Live In The Pit – KFJC 89.7 FM
POLAND ZOHARUM ZOHAR 136-2 2 x CD CD (2017)
After albums Frozen Living Elements, Corridors to Infinity and Solar Drifting, all bearing the seal of Zoharum, edition four emerges from somewhere that hints at some mysterious subterranean location, but multi-instrumentalist Justin Wright (a.k.a. Mr. Expo 70), who kick-started this project back in Los Angeles 2003, has, as before, set the co-ordinates to the named planets and of course beyond.
This collection, focusing on all matters cosmic and krautrockian, comes as a combination of two lengthy improvised concerts captured by Californian radio station KFJC in 2008 and 2010, which were subsequently released in such small quantities as to render them almost invisible to even the most avid expophile. Justin’s opening six-string foray on “August 20 2008” soon becomes a piercing cascade of electricity that’s ably supplemented by Matt Hill’s slowly blossoming bass pulse and unobtrusive drum programming. The edgier Schickert versus Hillage-referenced fretwork, with bespoke interior design c/o ‘The Cosmic Jokers’ collective, continues with “November 6, 2010” (a solo outing…), but is eventually displaced by sprawling moog tendrils and repetitive keyboard patterning. It’s as if Terry Riley’s dancing finger (circa “In C”) were sheathed in protective metal gauntlets for a more heavy handed plan of attack. Not quite the received images that ‘Space Rock’ (and associated sub-genres) has usually dictated over the past decades (Hawkwind’s In Search of Space (Way more of a total package/way of life (?) than Mantovanied progsters The Moody Blues’ To our Children’s Children’s Children l.p. which does, to be fair, include space travel amongst its themes and does predate the Ladbroke Grove branch of NASA by a clear two years…) starting its year one) but… the accompanying cribsheet’s namedropping of Tangerine Dream’s Zeit is particularly apt, and I admit to using this comparison on one too many occasions. That feeling of gnawing doubt/deep foreboding in a largely electronic setting is definitely present here. But Expo’s economy drive means that the services of a quartet of morose cellists as Edgar, Chris and Peter used back in dreamtime, simply weren’t required.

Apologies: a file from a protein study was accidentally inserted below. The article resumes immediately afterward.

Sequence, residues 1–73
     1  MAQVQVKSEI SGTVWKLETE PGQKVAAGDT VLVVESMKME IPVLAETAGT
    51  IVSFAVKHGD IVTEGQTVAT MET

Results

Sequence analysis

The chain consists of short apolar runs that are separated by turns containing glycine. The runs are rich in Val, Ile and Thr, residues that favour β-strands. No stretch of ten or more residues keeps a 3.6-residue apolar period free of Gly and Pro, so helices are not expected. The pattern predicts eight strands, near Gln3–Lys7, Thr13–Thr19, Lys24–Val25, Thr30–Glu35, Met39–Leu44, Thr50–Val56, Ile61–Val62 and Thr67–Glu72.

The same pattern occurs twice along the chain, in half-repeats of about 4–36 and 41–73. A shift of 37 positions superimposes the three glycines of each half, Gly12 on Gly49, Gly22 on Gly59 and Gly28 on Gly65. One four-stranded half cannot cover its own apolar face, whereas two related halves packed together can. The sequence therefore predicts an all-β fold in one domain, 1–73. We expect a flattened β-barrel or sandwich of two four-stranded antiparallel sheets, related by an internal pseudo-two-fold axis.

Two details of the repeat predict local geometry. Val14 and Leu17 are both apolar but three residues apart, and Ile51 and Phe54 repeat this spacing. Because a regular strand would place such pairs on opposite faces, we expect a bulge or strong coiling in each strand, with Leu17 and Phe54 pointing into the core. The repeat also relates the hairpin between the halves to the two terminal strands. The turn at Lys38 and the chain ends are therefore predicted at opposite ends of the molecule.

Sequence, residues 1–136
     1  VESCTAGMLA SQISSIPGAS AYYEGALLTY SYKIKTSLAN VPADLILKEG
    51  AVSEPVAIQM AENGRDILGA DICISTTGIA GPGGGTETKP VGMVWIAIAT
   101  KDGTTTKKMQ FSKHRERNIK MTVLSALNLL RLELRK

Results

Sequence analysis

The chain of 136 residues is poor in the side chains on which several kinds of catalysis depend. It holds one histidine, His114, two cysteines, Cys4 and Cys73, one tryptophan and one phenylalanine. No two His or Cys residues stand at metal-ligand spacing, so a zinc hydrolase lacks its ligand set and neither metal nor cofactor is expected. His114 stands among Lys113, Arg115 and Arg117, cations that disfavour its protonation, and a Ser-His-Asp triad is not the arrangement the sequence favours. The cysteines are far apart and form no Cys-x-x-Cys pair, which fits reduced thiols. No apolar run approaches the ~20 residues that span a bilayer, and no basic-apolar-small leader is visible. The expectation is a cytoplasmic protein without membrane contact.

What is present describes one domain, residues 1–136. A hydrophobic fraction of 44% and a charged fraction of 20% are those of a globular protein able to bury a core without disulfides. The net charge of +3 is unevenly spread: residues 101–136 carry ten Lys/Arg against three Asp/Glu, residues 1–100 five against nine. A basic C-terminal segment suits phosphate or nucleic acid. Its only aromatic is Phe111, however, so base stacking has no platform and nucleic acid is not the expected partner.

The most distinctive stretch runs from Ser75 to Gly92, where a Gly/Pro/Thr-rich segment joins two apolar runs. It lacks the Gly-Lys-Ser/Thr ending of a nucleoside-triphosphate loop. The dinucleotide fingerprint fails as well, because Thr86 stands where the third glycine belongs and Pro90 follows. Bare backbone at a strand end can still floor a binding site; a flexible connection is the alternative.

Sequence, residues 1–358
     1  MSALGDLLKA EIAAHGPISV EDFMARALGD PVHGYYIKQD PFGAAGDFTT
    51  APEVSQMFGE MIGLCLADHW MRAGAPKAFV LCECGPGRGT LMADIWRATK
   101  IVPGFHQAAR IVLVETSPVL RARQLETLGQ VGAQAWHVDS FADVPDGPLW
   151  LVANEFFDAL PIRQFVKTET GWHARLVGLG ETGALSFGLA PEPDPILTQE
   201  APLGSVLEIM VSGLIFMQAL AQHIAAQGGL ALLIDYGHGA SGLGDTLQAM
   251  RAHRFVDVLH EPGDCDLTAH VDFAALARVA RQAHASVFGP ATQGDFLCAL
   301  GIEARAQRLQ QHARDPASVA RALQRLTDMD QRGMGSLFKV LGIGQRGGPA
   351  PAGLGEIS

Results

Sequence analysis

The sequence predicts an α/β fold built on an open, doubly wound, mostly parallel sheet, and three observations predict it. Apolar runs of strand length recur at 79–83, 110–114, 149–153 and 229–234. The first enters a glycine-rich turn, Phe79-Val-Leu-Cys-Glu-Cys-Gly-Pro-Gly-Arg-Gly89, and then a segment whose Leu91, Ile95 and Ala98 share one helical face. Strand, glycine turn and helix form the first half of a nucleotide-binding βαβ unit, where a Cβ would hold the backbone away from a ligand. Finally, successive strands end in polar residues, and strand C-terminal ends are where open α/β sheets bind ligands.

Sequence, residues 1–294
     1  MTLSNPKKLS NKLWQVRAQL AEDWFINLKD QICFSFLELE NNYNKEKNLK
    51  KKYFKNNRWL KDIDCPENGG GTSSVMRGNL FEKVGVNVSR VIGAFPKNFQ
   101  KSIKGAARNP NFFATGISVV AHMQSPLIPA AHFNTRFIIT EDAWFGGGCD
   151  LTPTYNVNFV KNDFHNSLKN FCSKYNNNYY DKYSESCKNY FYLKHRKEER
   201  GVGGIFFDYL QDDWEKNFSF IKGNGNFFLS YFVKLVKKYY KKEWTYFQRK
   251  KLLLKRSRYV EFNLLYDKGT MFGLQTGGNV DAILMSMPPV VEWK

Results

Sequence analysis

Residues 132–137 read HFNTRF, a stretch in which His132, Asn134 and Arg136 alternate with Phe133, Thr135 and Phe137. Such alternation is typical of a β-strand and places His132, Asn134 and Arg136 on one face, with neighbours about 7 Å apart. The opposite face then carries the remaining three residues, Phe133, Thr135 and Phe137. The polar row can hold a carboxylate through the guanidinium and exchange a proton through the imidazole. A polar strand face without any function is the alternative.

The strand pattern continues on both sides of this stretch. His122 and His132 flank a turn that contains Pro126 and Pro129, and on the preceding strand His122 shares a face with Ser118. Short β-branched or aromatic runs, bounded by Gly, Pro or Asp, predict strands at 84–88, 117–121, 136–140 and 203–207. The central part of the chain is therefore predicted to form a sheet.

Housed in a splendidly realised ‘Japanese Style’ vinyl replica gatefold, that opens up to show a downsized Ummagumma or indeed Kollaps-styled layout of Expo’s hardware and lit by a superimposed twinkling star field, this comes in a limited edition run of five hundred copies only.